I had a chance to look at Angela Carter’s 1975 essay on Lovecraft, “The Hidden Child”, written for the UK’s leftist New Society weekly magazine. It has an interesting dynamism and pungency that I don’t often read now, except in the likes of Mark Steyn at his best. She was of the brisk and blunt generation that came of age via the British underground press, and which was perhaps best exemplified by Swells & Co. writing in the NME at its 1975-1984 height. One fragment is almost a story…

He adored erudition, like the Argentinian Borges, to whom he has an odd stylistic resemblance. But he took the easy way out and invented all his own references. So his work provides all the appearance of pedantry but none at all of the substance. He devised whole libraries of books to validate his mythologies. They have the most wonderful titles. The Pnakotic Manuscripts. The Seven Cryptical Books of Hsan. The “delirious” Image du monde of Gauthier de Metz. The suppressed Unaussprechlichen Kitlten of von Junzt.

One could write a very Lovecrafty tale about the arrival at his door late, very late, one night of a (preferably) demented student clutching in his hand an actual copy of the dreaded Necronomicom of the mad Arab, Abdul Alhazred, bound in human skin, stolen from the enfer of the Bibliothèque Nationale and brought triumphantly to the Maestro of the Twisted Nerve, who has so often mentioned it.

Shocked horror of the master, who never thought the vile thing existed. Has he thought the abomination into existence? Or did it always exist, has he always been unconsciously quoting it? Opening the pages with trembling fingers, he discovers cryptic marginalia on the time-seared pages, penned what centuries ago in what fearful city yet, unmistakably, in his own handwriting.

Carter also attempts a little pop psychoanalysis with Lovecraft. Psychoanalysis was all the rage in the mid 70s, as the disillusioned flower-children among the British literati turned inward, their revolutions seemingly defeated and trodden into the mire of a socialist Britain. Lovecraft she deems a perpetual boy, seeking his way back to boyhood, but rather to …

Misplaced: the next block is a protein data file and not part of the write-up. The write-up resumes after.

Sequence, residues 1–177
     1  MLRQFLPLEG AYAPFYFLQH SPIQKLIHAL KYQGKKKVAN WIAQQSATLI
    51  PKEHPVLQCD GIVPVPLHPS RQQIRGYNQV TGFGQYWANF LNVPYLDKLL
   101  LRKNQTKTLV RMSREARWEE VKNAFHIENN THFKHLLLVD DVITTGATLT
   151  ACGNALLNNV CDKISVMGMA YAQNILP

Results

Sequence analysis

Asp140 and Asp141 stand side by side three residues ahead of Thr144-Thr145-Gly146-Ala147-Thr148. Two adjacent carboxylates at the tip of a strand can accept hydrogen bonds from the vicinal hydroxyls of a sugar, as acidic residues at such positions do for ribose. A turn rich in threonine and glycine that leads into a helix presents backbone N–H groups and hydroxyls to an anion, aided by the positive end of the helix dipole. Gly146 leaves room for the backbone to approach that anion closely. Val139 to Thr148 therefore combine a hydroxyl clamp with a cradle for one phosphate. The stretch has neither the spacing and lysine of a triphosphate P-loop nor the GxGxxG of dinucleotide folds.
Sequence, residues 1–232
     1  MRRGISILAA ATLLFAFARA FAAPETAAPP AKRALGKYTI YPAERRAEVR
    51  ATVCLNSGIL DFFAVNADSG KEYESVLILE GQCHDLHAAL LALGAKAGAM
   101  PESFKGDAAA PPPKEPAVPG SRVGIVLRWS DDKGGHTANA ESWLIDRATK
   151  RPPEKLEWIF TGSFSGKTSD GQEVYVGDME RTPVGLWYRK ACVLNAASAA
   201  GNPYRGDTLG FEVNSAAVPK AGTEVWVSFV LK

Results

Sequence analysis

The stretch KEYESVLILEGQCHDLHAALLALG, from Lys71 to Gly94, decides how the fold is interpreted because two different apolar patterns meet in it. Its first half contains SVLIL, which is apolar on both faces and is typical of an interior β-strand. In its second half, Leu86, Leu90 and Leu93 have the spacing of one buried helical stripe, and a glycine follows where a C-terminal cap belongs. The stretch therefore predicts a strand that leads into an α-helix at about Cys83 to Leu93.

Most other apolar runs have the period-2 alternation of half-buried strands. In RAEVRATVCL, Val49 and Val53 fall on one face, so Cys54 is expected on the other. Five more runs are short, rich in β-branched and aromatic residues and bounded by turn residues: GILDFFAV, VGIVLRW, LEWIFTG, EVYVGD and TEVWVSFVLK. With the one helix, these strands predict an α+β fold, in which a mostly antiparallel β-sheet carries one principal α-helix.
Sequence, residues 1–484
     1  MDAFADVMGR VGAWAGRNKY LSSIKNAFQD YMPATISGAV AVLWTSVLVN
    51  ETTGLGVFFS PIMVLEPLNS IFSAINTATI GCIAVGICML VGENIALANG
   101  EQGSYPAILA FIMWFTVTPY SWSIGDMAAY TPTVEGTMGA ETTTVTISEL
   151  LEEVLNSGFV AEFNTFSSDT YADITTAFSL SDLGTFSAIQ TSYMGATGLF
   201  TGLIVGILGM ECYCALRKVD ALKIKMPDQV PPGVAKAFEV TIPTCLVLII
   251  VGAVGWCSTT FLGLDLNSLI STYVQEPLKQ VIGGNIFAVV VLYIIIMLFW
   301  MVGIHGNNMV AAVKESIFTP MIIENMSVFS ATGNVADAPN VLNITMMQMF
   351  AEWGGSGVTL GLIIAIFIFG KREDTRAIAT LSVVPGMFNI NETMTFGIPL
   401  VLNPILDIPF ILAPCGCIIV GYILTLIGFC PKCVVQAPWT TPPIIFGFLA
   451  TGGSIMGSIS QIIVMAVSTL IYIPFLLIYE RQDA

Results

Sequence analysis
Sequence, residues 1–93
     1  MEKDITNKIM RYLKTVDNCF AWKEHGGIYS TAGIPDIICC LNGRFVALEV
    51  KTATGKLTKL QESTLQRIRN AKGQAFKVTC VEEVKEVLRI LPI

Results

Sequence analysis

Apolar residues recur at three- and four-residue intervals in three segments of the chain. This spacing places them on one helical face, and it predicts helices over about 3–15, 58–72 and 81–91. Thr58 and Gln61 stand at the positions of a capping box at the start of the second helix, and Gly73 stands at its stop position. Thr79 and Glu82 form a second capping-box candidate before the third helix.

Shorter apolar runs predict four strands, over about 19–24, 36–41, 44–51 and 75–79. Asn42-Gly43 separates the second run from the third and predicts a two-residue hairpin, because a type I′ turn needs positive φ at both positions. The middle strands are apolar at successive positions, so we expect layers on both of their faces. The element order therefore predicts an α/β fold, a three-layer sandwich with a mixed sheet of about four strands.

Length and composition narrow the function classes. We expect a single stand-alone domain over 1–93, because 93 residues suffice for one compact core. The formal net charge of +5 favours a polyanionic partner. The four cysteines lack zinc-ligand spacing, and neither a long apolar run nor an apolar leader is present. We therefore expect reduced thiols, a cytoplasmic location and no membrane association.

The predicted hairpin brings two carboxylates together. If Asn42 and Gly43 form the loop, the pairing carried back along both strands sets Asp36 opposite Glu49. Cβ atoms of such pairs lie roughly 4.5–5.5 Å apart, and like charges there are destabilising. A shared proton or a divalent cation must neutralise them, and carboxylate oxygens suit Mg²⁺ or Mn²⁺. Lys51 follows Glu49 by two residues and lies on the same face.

The beastly world of childhood, with its polymorphously perverse imaginings; its wild, inconsolable fears; its terror of darkness, of loneliness, its hatred of strangers. Its love of long, strange words and facility for inventing private languages. Its ability to construct elaborate mythologies out of the cracks in the crazy paving or the patterns on the wallpaper. Fear of cold. Weakness. Clawing, screaming temper tantrums. Self-abuse, old wives’ tales.

She may not be far wrong in that. But then it seems to me she perhaps projects something of the bubbling and festering violence of mid 1970s urban England onto Lovecraft, and also foreshadows the feminist turn toward seeing ultra-violence lurking around every phallus. She deems the lack of surface sexuality in the stories to be masking…

a strong sado-masochistic element. Carnage, ghouls, cannibalism. Ravages of “demon claws and teeth”; corpses “mangled, chewed and clawed”. … Is it any wonder, when evil finally manifests itself, that it does so as an obscene and huge ejaculation? [pus, slime, surgings, bubblings, etc]

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